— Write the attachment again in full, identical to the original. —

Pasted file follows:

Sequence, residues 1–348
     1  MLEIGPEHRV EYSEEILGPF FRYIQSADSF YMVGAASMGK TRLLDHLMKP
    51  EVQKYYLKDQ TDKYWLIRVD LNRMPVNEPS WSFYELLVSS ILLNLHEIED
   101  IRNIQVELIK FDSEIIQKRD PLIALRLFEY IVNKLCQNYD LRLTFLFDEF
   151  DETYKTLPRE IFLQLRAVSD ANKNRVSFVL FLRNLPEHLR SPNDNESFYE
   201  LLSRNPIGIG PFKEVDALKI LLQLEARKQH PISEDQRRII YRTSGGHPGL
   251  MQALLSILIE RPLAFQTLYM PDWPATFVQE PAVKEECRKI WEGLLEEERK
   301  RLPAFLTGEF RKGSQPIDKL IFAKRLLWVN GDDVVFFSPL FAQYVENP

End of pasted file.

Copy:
Sequence, residues 1–348
     1  MLEIGPEHRV EYSEEILGPF FRYIQSADSF YMVGAASMGK TRLLDHLMKP
    51  EVQKYYLKDQ TDKYWLIRVD LNRMPVNEPS WSFYELLVSS ILLNLHEIED
   101  IRNIQVELIK FDSEIIQKRD PLIALRLFEY IVNKLCQNYD LRLTFLFDEF
   151  DETYKTLPRE IFLQLRAVSD ANKNRVSFVL FLRNLPEHLR SPNDNESFYE
   201  LLSRNPIGIG PFKEVDALKI LLQLEARKQH PISEDQRRII YRTSGGHPGL
   251  MQALLSILIE RPLAFQTLYM PDWPATFVQE PAVKEECRKI WEGLLEEERK
   301  RLPAFLTGEF RKGSQPIDKL IFAKRLLWVN GDDVVFFSPL FAQYVENP